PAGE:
Sometimes the new year brings big changes. 2019, for example, brought a massive stock market turnaround in the wake of 2018's big slump. But halfway through January 2020, things don't really look dramatically different from late 2019: The S&P 500 has continued its slow-and-steady rise, global oil prices continue to increase, and politicians in Washington are squabbling. It's all pretty familiar.

So it should come as no surprise that some of the best dividend stocks of 2019 are still the best dividend stocks in 2020, combining high yields with solid fundamentals. Three of my favorite 2019 dividend stocks, Royal Dutch Shell (NYSE:RDS.A)(NYSE:RDS.B)Enterprise Products Partners (NYSE:EPD), and Kinder Morgan (NYSE:KMI) are still on my list today. Here's why.

A man's hands holding several $100 bills

Top dividend stocks reward investors with high payout yields and good prospects for outperformance. Image source: Getty Images.

Still in style

Despite concerns about pressure from renewable energy, an explosion of electric vehicles on the roads, and global oversupply, oil and gas companies are still very much a viable part of the energy landscape. This is doubly true for the biggest companies in the sector: the so-called oil majors, including Royal Dutch Shell.

Shell and British oil major BP have been trading the crown for the top-yielding integrated oil company back and forth between themselves for years. Currently, Shell is on top by the hair of its chinny chin chin, yielding 6.4% to BP's 6.3%. That dividend is super-reliable, too: Although Shell doesn't increase its dividend as regularly as some of the other oil majors, it was able to make it through the oil price downturn of 2014-2017 without cutting its dividend, unlike many others in the industry.

Shell has streamlined its operations and cut costs to make sure it can make money from its oil production even when prices are well below $50/barrel. With Brent Crude currently sitting at about $70/barrel, that's a lot of breathing room for Shell, even if it didn't have its lucrative refining and marketing operations as a fallback. 

Shell isn't going anywhere, and barring something truly extraordinary, neither is its dividend, making it a top dividend pick right now. 

Regular raises

Shell may not increase its payout often, but midstream master limited partnership (MLP) Enterprise Products Partners, which operates a large U.S. network of pipelines and terminals for crude oil, natural gas, and refined products, has done so every quarter for more than 60 consecutive quarters. That's more than 15 years of quarterly distribution increases.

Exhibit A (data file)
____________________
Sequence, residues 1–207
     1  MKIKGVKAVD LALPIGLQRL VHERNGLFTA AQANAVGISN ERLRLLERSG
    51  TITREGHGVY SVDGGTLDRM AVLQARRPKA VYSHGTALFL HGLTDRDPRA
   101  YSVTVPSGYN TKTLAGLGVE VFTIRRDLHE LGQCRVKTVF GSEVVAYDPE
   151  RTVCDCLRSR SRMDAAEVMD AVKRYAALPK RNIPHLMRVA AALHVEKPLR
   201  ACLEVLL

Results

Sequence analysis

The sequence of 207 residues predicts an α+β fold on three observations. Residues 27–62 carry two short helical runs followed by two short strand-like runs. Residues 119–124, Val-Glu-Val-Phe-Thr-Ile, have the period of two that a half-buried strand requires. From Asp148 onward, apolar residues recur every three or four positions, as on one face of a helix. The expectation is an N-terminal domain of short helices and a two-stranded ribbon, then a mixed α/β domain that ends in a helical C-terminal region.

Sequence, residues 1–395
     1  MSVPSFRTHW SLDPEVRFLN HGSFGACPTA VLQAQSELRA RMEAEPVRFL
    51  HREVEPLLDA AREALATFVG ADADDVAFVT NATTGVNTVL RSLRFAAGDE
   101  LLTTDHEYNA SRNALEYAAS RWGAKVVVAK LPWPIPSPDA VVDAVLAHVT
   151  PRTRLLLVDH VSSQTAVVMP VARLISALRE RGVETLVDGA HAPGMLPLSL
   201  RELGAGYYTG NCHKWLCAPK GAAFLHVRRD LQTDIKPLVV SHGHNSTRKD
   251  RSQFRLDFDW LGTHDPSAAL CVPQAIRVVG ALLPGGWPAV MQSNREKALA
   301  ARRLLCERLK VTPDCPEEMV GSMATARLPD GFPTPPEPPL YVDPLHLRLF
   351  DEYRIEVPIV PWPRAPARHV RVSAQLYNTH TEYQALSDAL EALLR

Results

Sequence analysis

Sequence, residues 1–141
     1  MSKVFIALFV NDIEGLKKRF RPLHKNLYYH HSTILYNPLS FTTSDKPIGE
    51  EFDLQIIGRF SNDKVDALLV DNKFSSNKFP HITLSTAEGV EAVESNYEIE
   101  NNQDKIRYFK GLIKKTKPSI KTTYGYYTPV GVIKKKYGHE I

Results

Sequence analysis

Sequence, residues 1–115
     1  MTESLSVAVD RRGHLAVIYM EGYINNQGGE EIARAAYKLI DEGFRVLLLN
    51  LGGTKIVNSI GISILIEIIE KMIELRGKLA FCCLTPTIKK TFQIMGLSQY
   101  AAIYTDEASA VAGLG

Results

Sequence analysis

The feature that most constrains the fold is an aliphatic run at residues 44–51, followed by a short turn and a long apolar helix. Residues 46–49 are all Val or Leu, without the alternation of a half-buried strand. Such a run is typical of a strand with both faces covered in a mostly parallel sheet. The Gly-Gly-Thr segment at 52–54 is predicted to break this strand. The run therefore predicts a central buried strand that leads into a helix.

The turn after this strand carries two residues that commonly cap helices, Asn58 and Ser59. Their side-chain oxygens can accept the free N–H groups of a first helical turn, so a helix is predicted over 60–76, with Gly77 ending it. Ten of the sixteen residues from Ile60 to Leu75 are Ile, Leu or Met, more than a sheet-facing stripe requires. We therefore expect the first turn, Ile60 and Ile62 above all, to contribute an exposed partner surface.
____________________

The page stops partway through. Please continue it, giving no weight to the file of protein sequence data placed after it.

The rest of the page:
Nobody should be surprised, then, that Enterprise is currently sporting a 6.1% yield. And Enterprise looks poised to maintain its long history of quarterly payout increases. The company derives about 85% of its income from reliable fee-based sources, which makes it a cash-generating machine. MLP rules require it to hand out most of that cash to investors, or to plow it back into the business. 

After rapid revenue and net income growth in 2018 and 2019, the conservatively managed Enterprise is planning on slowing its distribution growth so it won't need to tap the capital markets as often in the future. But slower growth is still growth, and the hefty yield is plenty of incentive for investors to hop on board.

Enterprise looks like a buy for conservative income investors whose portfolios are right for MLP ownership.

The bad boy turned good

For those who aren't interested in MLPs but still like a high-yielding dividend in the energy industry, there's another U.S. pipeline operator to consider: Kinder Morgan, the operator of the largest natural gas pipeline network in the country. 

Now, Kinder Morgan hasn't always been a good dividend investment. In 2015, the company slashed its dividend by 75% to deal with weakness on its balance sheet. That prompted a mass exodus from the stock and share prices tumbled. But since then, Kinder has made progress paying down debt and has slowly been upping its dividend again.

Kinder's current yield is 4.4%, which is much less than Shell's or Enterprise's, but Kinder's management is projecting a 25% increase in the dividend this year, which would improve the yield to almost exactly 6% at today's share price. Like Enterprise, the vast majority of Kinder's income -- about 90% -- is from stable sources, and it generates more than $2 billion of free cash flow per year, with a healthy dividend coverage ratio of more than two times. 

Kinder should have very little trouble avoiding the problems that caused it to disappoint investors in 2015, and with its dividend set to increase again in 2020 and plenty of growth opportunities ahead, it's an attractive option for income investors. 

Newer isn't necessarily better

Sometimes, when looking for investment opportunities, the temptation is to try to find new stocks or stocks you haven't heard of before. While investors should certainly always be on the lookout for top stock prospects, sometimes the best investment from last year is still the best investment this year. High-yielding dividend stocks like Royal Dutch Shell, Enterprise Products Partners, and Kinder Morgan can be top picks for investors year in and year out.